Destruction came out in January 2022, instantly gaining an impressive amount of praising reviews – resulting in the first-print run selling out in a week. Swedish rights were recently sold to Rámus Förlag.
One of the strongest literary titles of the year in Finland, Destruction has brought the question about violence towards children and the societal structures supporting it a visible topic in public discussion. “No other type of violence is talked about in the same way as acts and attitudes towards children in school. Such deeds are allowed in the school environment that in the adults’ world would be subject to criminal law,” has Iida Rauma said in one of her interviews.
“Destruction is a novel about school violence, discrimination and injustice. Describing the merciless consequences of school bullying, the novel becomes an extraordinary stand regarding the dynamics of discrimination of all kinds which, in Rauma’s book manifests itself as the protagonist’s complete emotional breakdown. Destruction is a fierce reading experience: the intense narration doesn’t give the reader even a minute’s break.” – Finlandia Prize Jury
The novel is a story of childlessness and dreams that fade or morph into nightmares. Page by page, it swells with inevitable force into a horror story that firmly holds the reader in its agonizing grip.
Whenever a ten-year-old Vega, who has always lived with her father, tries to ask about her mother, the only answer she gets is mysteries. Once a not-so-nice girlfriend starts dating her father, and Vega gets an unexpected pen pal, she decides to set out on an adventure to find out more about her mother. The book is a superb read for a child alone or for parents and children together.
“In its magical realism, the work takes us to places and moods that shimmer with something rare and fine. We see the world through the eyes of the narrator and the main characters, and captivating connections form between fantasy and reality. The narration is borne along by beautiful language, surprising transitions, and humor. Equally generous and idiosyncratic are the book’s illustrations, which carry us off to milieus we are in no hurry to leave.” – Finlandia Junior Prize jury
Finlandia Prize is the most important literary award in Finland, given annually in three categories: the best novel, the best children’s or YA book and the best nonfiction book of the year. The award sum is 30,000 euros in each category.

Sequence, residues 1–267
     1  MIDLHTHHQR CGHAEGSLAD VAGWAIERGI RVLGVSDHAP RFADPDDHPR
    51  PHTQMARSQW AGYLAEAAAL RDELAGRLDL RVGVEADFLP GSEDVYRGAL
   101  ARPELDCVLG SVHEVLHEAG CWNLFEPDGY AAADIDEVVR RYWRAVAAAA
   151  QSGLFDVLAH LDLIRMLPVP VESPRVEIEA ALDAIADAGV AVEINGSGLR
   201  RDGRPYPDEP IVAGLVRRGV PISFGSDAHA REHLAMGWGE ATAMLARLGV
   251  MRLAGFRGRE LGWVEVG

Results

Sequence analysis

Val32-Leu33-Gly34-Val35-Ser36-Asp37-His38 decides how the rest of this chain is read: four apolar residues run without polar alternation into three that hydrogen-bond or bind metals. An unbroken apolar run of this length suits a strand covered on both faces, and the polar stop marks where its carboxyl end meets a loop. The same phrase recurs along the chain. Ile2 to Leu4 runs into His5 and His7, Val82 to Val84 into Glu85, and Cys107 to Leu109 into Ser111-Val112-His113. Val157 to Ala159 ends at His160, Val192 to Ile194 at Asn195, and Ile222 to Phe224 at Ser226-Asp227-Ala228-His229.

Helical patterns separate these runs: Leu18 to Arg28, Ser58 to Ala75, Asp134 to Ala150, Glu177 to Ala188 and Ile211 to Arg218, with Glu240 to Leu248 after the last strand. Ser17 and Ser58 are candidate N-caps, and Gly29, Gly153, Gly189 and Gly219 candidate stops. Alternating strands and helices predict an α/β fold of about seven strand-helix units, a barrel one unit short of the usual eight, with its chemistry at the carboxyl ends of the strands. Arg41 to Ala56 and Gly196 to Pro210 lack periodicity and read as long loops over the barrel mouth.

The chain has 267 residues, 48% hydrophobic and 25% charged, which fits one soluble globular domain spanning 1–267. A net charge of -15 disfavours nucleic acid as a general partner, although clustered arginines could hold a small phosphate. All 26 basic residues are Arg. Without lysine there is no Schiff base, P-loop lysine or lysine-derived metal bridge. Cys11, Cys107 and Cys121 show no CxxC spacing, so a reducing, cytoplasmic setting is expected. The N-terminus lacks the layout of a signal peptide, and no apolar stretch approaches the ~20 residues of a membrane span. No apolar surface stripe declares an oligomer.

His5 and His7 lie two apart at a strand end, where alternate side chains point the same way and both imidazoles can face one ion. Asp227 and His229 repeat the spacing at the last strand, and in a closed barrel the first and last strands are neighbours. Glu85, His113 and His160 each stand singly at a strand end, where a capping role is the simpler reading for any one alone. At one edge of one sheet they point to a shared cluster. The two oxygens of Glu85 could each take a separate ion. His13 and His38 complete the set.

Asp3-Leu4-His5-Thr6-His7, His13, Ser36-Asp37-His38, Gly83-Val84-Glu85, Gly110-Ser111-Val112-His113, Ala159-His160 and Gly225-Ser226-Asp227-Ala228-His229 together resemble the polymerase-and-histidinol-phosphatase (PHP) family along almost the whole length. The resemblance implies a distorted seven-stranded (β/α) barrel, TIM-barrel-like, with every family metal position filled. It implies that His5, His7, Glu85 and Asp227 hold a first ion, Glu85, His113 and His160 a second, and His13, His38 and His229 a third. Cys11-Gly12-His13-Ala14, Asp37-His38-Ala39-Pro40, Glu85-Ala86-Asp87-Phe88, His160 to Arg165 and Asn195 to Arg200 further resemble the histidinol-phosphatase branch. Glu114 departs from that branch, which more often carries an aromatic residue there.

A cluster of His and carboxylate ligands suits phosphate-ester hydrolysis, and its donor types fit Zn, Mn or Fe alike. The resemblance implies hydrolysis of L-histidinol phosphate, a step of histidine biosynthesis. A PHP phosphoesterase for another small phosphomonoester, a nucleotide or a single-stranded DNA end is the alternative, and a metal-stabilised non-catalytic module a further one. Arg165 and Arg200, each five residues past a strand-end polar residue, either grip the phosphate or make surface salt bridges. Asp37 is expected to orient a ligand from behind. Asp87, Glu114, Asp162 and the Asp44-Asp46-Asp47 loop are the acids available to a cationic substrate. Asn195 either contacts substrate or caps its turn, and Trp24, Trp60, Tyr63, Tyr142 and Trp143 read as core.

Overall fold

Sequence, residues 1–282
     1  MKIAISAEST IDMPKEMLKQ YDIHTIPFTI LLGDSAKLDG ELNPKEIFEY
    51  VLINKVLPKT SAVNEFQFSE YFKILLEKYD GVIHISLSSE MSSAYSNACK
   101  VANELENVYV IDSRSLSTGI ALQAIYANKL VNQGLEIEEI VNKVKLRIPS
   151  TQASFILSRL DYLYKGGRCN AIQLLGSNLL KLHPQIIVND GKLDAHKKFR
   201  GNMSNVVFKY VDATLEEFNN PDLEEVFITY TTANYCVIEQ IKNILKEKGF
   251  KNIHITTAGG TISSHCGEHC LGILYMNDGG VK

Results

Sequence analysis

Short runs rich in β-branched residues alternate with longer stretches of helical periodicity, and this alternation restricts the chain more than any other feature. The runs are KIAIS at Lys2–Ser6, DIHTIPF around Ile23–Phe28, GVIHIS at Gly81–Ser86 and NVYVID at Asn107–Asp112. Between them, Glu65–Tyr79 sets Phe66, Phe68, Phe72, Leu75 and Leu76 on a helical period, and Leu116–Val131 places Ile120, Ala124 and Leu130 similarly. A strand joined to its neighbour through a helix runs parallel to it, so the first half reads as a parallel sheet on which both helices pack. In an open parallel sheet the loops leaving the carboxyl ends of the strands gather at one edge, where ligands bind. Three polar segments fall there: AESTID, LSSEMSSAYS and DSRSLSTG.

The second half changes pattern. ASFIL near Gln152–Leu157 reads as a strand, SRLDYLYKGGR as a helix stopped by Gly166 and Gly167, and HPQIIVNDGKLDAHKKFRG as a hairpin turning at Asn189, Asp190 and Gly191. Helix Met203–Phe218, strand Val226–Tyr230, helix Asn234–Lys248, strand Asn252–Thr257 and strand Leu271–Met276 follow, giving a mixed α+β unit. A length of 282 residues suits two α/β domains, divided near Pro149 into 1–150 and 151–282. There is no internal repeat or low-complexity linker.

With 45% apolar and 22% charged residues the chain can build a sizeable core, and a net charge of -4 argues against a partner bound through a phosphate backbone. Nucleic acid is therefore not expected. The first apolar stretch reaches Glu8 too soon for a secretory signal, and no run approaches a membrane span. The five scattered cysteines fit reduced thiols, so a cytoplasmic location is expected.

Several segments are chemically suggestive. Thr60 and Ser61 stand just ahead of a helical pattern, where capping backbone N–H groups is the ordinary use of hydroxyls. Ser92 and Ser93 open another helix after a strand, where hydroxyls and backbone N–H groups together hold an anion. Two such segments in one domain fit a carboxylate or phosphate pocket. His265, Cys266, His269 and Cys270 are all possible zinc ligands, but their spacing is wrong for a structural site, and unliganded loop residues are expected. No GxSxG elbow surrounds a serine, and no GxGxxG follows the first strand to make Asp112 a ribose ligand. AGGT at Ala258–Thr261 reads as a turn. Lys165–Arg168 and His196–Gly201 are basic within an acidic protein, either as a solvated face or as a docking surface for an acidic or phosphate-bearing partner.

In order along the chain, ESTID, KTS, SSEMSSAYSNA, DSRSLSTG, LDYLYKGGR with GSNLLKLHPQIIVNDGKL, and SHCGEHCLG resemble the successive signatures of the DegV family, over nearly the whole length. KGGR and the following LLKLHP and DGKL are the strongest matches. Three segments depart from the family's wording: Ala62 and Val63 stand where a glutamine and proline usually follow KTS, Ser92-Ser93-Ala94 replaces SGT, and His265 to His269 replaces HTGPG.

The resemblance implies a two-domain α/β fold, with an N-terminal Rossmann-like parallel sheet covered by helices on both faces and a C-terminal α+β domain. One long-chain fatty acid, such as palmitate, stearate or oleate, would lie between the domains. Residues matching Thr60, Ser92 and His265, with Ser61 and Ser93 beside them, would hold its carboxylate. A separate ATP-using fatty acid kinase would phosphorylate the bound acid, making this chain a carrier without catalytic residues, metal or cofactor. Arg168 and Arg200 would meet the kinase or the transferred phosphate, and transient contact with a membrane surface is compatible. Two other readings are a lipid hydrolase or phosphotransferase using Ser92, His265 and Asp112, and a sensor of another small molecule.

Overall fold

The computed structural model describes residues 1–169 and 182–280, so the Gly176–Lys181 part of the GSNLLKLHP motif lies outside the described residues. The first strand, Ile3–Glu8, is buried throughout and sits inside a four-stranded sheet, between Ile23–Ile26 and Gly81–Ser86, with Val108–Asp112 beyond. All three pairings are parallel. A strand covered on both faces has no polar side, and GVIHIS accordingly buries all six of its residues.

Since 2010, at least one HLA author each year was nominated for the prize, and 7 of them ended up winning.
The novel was published jointly by Schildts & Söderströms in Finland and Rabén & Sjögren in Sweden.
The August jury motivated the nomination as follows:
“With sensitivity and accuracy [Strömberg] describes the turning point of adolescence, when the fantasies about who you want to be are suddenly put into practice, friendships are put to test and first love feels both alluring and terrifying. With the greatest respect for both her readers and her characters, Ellen Strömberg gives new life to the most iconic motif in youth literature.“
The August Prize is Sweden’s biggest literary award given to a book published in Sweden and it is awarded annually in three categories: the best novel, the best children’s or YA book, and the best nonfiction book of the year. The winners receive 100,000 SEK and a bronze August statuette.
Only one author from Finland has previously been the winner of the August Prize: Monika Fagerholm received the statuette in the category of the best novel (Den amerikanska flickan), in 2005.
In We’ll Just Ride Past Strömberg captures the life of ninth-graders in that recognizable phase in life when you have a real drive to be independent and to discover and define your identity, and when friendships have a huge impact on your decisions and desires. Strömberg has a knack for portraying the emotional landscape and world view of young people in a convincing way and she masterfully depicts the anxieties and emotional turmoil teenagers face daily.
The novel is now also nominated for the most prestigious literary award in Finland, Finlandia Prize. The novel has also recently been sold to Italy.